Clock ticking on 1024-bit encryption safety

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Clock ticking on 1024-bit encryption safety

A team of boffins at the University of Lausanne, the University of Bonn and NTT DoCoMo in Japan have discovered the prime factors of a 307-digit number.

Factoring such huge numbers is extremely difficult, which is why encryption companies use them to protect data.

RSA, for example, uses a large composite number, usually 1,024 bits in size, created by multiplying two roughly 150-digit prime numbers as keys.

Because there is a vast supply of large prime numbers, it is easy to come up with unique keys. Information encrypted this way is secure because no one has ever been able to factor these huge numbers. At least not yet.

"This is the largest 'special' hard-to-factor number factored to date," said Arjen Lenstra, professor of cryptology at the University of Lausanne.

The professor believes that this now answers the question of whether 1,024-bit encryption is dead. "The answer is an unqualified yes," he said.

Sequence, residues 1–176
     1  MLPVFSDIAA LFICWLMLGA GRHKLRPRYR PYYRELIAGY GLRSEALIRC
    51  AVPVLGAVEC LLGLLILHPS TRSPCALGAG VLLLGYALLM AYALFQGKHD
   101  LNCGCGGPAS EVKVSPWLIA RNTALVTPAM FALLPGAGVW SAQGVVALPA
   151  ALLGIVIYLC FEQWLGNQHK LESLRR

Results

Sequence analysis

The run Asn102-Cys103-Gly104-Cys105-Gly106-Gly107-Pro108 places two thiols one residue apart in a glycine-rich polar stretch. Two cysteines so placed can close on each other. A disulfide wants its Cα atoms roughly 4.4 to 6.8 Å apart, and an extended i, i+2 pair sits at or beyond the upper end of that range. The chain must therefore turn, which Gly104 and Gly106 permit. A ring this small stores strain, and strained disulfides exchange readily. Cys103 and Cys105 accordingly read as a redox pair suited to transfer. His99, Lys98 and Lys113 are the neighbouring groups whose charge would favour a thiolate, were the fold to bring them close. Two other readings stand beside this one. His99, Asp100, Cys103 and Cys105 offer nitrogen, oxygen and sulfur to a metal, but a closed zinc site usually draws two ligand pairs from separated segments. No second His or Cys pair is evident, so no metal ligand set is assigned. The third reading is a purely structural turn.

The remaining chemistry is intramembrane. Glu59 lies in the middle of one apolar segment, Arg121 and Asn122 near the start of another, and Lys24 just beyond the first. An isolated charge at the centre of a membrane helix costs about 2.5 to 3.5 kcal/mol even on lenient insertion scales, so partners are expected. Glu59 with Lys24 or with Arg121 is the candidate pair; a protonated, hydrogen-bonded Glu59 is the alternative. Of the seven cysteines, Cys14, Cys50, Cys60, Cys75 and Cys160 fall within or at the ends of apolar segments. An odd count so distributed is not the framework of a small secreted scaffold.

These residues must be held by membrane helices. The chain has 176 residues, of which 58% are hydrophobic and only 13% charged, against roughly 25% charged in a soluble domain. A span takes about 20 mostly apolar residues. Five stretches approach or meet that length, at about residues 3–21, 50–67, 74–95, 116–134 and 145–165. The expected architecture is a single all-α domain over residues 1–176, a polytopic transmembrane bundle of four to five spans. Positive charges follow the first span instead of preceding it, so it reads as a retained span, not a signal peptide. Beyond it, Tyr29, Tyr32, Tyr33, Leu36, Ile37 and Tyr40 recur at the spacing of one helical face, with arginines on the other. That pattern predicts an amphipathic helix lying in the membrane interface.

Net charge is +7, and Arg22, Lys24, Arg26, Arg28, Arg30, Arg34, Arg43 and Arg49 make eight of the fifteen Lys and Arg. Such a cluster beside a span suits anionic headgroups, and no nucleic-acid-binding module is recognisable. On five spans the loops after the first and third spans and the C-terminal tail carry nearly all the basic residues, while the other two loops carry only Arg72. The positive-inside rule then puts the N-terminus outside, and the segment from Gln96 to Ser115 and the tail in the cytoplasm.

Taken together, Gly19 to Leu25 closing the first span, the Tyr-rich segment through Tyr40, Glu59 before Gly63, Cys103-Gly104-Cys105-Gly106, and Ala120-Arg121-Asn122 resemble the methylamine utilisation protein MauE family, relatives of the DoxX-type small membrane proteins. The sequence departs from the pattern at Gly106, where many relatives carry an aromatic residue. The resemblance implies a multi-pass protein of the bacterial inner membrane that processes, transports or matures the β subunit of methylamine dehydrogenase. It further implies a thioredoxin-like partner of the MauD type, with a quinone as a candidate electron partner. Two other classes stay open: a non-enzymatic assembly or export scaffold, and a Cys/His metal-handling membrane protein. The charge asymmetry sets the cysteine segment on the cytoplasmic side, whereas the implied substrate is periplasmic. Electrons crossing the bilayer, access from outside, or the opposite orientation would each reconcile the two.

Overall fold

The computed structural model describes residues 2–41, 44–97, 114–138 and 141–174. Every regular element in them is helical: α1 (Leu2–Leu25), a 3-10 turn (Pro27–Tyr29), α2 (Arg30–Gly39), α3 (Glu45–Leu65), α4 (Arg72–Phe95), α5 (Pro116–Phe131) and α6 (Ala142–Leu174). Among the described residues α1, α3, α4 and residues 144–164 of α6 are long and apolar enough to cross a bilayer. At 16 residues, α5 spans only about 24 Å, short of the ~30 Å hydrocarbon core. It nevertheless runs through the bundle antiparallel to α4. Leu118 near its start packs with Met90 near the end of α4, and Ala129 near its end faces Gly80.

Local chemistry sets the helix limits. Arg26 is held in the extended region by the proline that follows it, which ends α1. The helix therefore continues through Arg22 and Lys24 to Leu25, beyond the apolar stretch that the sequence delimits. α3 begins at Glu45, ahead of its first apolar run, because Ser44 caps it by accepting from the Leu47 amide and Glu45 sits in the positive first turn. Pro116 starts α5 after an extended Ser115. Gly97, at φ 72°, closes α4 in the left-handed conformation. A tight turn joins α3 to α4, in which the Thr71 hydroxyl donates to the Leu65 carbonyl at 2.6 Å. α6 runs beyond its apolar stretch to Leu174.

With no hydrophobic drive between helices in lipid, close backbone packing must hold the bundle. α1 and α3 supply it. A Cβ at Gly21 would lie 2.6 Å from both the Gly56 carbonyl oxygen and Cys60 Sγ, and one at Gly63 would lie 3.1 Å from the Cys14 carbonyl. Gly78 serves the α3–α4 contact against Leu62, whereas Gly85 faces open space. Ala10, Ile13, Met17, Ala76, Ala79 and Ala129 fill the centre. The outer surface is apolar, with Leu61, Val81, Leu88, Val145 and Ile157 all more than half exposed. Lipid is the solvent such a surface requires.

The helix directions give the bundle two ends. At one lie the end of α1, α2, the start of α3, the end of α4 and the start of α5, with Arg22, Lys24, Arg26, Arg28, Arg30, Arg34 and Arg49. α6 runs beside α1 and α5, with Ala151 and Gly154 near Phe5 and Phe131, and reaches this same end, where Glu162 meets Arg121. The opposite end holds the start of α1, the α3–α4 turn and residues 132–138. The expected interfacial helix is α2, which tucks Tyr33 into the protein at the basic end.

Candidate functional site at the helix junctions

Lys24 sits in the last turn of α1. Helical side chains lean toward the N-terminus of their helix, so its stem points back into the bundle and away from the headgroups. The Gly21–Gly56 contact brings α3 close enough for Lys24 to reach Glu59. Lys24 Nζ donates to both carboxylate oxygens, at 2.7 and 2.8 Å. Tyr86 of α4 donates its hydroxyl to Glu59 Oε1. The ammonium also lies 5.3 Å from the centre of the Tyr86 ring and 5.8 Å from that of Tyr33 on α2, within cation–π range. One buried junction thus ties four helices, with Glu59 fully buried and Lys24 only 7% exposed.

The standard is still secure, because it is much more difficult to factor a number made up of two huge prime numbers than it is to factor a number like this one that has a special mathematical form. But the clock is definitely ticking.

"Last time, it took nine years for us to generalise from a special to a non-special hard-to-factor number [155 digits]. I will not make predictions, but let us just say that it might be a good idea to stay tuned," explained Professor Lenstra.

The team spent 11 months completing the task, which took the equivalent of 100 years of computer run time.

The researchers used a technique called a 'special number field sieve', developed in the 1980s by Lenstra (then at Bellcore), along with his brother Hendrik (then a professor at UC Berkeley), English mathematician John Pollard and Mark Manasse from DEC.
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